Ride Experience

Spoiler alert!  If you want to be surprised when riding a Tower for the first time, skip this section!

Hollywood Studio Tower ride experience

(Skip ahead to 6:30 for the ride experience)

Riders are hoisted up the elevator shaft directly from their loading position.  The illusion of an elevator stays intact from the start, and the ride increases the tension slowly.  Doors open to treat guests to the hallway ghost scene, and then the elevator rises again.

Doors open and the elevator moves forward through through a mirror-filled dark starlit hallway known as the “5th Dimension”.  (It looks better in person than it does in the video.) At the end of the 5th Dimension, the elevator enters the final drop shaft and begins its thrilling drop sequence.

There are four different drop profiles, and the one your car gets is randomly chosen.

DCA Tower ride experience

(Skip ahead to 12:00 for the ride experience)

Shortly after boarding, the elevator is yanked backwards amid a visually stunning explosion of lightning and effects. The elevator illusion is lost, but the spectacular sight starts the ride off with a bang. The elevator enters the lift shaft and immediately rises to show one of two scenes first: the ghost hallway scene, or the wave goodbye scene, depending on which elevator shaft you’re in (the sequence is reversed in the other shaft).

Photo credit: thebugger2000

Photo credit: thebugger2000

The “wave goodbye” scene is present in all towers except the one in Florida, and it’s a nice addition.  Guests watch their reflection fade from a huge mirror, and the glow effect is fun to play with (wave your arms to smear it around!). The elevator then begins its drop sequence, a thrilling series of four long drops and pulls.  There are four different drop profiles, and the one your car gets is randomly chosen.

Edge: The drop sequence – the meat and potatoes, if you will – is spectacular in both versions.  The rest is just variations in seasoning.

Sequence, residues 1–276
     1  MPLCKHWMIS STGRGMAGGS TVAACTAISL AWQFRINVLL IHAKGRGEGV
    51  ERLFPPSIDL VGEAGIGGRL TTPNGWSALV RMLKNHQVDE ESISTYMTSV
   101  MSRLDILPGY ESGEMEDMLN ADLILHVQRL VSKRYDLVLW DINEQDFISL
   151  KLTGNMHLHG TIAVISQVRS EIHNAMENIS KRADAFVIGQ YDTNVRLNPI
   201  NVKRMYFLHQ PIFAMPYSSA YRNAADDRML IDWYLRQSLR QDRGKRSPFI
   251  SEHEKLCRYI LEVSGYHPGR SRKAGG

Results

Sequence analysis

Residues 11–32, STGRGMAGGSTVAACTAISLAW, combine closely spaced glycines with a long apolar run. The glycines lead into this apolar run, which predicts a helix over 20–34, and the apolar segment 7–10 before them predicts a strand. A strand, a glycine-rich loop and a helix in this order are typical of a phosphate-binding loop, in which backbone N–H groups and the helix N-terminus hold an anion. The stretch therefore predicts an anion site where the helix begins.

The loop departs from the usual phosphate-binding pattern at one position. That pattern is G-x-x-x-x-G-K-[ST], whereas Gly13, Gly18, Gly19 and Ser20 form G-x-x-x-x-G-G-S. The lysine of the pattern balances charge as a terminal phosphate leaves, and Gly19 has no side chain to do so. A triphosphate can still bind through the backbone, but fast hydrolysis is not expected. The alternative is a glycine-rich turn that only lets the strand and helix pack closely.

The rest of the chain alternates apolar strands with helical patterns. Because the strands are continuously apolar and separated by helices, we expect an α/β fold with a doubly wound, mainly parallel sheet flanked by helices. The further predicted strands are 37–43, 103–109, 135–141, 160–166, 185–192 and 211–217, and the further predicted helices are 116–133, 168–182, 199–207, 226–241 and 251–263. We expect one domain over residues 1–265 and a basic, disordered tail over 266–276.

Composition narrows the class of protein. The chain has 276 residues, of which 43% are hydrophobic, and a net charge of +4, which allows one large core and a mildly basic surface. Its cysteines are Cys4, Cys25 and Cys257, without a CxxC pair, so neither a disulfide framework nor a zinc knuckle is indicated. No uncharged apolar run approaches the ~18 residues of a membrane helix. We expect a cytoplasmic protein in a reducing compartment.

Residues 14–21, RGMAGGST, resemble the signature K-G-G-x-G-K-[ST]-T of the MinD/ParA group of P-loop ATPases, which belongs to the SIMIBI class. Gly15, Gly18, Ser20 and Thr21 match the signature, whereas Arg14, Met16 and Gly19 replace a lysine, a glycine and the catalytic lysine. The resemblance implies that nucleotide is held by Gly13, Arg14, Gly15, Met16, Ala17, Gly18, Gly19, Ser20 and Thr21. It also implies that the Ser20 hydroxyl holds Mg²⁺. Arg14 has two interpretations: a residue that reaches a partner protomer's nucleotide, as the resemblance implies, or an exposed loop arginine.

If I had to pick a favorite, it’d be the Hollywood Studios version.  It’s not without flaws –  Florida’s 5th Dimension transition scene can feel a bit slower than the rest of the attraction and the transition into the drop shaft is bumpy, with little to distract from the sensation of the car aligning itself for the finale.  And I love how the California version of the Tower of Terror keeps the thrills coming, from that explosive start to the seamless transition into the final drop sequence. DCA’s “wave goodbye” screen is fun to play with and a wonder to watch.  But the Tower in Hollywood Studios offers a greater variety of drop sequences, has cool props in the elevator shaft itself and at the bottom while you turn around to unload, and looks more menacing from the outside.


In Hollywood Studios, the passenger car “lands” in a room full of Twilight Zone references and old memorabilia to feast your eyes on. The elevator rotates and drives itself to deliver the passengers to the unloading dock, where they disembark and stumble into the gift shop.

Photo credit: source unknown

Photo credit: source unknown

The DCA version unloads in the same place it loaded.  At the end of the drop sequence, the passenger car is pulled forward and out of the elevator car to dock at the exit door. There is no room full of Twilight Zone “memorabilia” in the DCA tower.  Riders enter the same hallway they passed through while boarding, turning right to exit towards the gift shop.